Nine Bay Area clubs offer instruction.

San Francisco. Halberstadt's Fencers Club, 621 S. Van Ness Avenue, San Francisco; 863-3838. Open 5:30 to 10 PM. Mondays through Thursdays, 9 to 5 Saturdays. Tuesday and Thursday classes at 6 and 7; $45 per month for twice-weekly instruction, including equipment and membership. Four working strips, target dummies, video cameras.

Letterman Fencers Club, Gym #2, Building 1152, Presidio of San Francisco; 5615051 after 7 PM. Mondays and Thursdays. Hour-long classes between 7 and 10 Pm. on those days. Weight room, four fencing strips. Free tournaments Saturdays and Sundays this month; most begin at 9:30.

Pannonia Athletic Club, 1052 Geary Street, San Francisco; 652-2226. Classes 5:30 to 10 Pm. Mondays and Wednesdays; $80 for eight sessions. Tournaments Saturdays from 9 to 2.

Chinatown YMCA, 855 Sacramento Street, San Francisco; 982-4412. Eightweek classes for ages 9 through 17 from 3:30 to 5 Wednesdays; $25.

East Bay. Claremont Middle School Gym, Birch Court and College Avenue, Oakland; 273-3495. Free drop-in lessons by the Oakland Daggers and Oakland City Parks and Recreation Tuesdays and Thursdays 6:30 to 10 PM.

Over the Hill Fencers Club, Pleasant Hill Recreational Center, Civic Drive near Taylor Boulevard, Pleasant Hill; 6765200. Classes, from 8 to 9 PM. Wednesdays, begin in January; $37 per quarter, or join drop-in sessions ($2) from 9 to 10. Pacific Fencing Club, 1249 34th Avenue, Oakland; 436-3800. Classes 5 to 10 PM. Tuesdays to Fridays, 10 to 5 Saturdays; $8 per lesson or $60 per month.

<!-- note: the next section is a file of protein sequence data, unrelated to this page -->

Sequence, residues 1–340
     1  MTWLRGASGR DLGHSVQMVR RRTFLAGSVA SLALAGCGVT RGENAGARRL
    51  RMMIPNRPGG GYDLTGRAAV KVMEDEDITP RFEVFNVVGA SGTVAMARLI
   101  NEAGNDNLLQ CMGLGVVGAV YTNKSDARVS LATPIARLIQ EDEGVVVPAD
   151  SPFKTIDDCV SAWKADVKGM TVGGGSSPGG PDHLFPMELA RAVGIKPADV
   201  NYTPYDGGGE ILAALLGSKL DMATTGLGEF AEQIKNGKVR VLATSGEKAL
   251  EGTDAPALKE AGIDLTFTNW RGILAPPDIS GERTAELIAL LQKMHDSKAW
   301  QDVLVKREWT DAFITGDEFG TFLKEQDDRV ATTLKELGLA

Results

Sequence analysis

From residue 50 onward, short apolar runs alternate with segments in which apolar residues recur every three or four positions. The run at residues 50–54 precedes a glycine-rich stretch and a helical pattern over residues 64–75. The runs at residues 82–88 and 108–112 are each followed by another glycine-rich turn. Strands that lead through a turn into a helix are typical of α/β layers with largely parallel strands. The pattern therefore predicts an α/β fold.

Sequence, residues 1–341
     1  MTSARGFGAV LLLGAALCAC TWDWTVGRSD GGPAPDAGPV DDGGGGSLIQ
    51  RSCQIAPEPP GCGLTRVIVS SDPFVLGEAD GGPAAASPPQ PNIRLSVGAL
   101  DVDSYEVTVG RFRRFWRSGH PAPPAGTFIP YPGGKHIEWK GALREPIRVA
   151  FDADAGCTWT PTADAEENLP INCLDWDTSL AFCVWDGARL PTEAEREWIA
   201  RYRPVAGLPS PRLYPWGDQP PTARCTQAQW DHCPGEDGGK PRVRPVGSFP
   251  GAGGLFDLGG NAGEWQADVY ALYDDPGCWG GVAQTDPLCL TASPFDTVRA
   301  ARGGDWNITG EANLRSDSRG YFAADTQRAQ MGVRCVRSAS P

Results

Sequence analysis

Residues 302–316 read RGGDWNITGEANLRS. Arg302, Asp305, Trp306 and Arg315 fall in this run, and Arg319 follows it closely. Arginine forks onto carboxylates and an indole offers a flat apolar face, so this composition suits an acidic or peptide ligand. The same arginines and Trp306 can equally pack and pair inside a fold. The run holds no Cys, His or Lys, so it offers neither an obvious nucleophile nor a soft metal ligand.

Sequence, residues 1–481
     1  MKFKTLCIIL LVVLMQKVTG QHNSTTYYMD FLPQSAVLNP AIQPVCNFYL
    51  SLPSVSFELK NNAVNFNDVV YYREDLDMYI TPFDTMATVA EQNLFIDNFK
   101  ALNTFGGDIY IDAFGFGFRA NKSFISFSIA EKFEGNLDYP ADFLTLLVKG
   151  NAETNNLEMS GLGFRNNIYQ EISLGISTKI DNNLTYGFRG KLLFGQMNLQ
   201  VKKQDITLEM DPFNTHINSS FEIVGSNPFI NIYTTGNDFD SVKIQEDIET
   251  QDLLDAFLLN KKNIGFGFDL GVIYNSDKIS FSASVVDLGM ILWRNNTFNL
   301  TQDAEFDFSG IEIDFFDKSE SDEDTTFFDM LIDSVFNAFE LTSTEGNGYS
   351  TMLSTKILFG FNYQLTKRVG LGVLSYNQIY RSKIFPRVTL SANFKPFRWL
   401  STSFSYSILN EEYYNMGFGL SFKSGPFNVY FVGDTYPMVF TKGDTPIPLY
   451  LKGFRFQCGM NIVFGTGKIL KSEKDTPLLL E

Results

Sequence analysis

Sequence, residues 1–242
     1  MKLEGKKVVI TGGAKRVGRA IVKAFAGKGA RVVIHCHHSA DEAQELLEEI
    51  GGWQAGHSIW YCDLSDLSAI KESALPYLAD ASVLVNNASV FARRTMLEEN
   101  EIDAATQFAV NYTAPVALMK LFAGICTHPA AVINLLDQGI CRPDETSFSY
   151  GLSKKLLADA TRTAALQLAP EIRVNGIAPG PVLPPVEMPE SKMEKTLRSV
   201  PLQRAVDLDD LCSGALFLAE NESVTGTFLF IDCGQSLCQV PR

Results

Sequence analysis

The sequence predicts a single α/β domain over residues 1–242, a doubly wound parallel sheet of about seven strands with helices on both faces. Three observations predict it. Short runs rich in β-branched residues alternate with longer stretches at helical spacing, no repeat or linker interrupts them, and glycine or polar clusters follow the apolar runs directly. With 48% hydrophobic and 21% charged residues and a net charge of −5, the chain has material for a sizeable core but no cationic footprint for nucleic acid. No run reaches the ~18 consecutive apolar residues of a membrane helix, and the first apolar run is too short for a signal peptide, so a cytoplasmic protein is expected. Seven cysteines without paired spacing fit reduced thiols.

South Bay. The Fencing Center 40 N. First Street (second floor), San Jose; (408) 298-8230. Classes 6 to 10 PM. Mondays through Thursdays; $40 per month. Visiting fencers pay $5 per night. Call for weekend tournament schedule.

Jewish Community Center 655 Arastradero Road, Palo Alto; 493-9400 (ask for fitness center). Ten-week classes for ages 9 through 17 run 4 to 5:30 Tuesdays and Thursdays; $80.

Two big tournaments coming up

These tournaments offer a high level of competition and are worth a detour if you plan to be in Portland or Colorado Springs. Both are free.

Portland. January 13 through 15, the Grand Challenge will be held at the Hampton Courts, Oregon Episcopal School, 6699 S.W. Oleson Road; (503) 254-8112. Nearly 500 fencers, including some ftom the recent U.S. Olympic team, are expected to compete in five events (men's and women's foil and epee, men's saber) beginning at 8:30 A.M. women's epee finals begin at 5 Friday, men's foil finals at 6:30 Saturday, men's saber finals at 5 Sunday (times for other finals weren't set at our press time).

Colorado Springs. February 17 through 20, the Junior Olympic Championships will be held at the U.S. Air Force Academy Gymnasium. From 9 to 7 daily, more than 900 fencers under age 20 will compete, with finals each evening at about 6. From Interstate 25 south of Denver, take Northgate Road and follow signs to the academy grounds and the gym.
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Date:Dec 1, 1988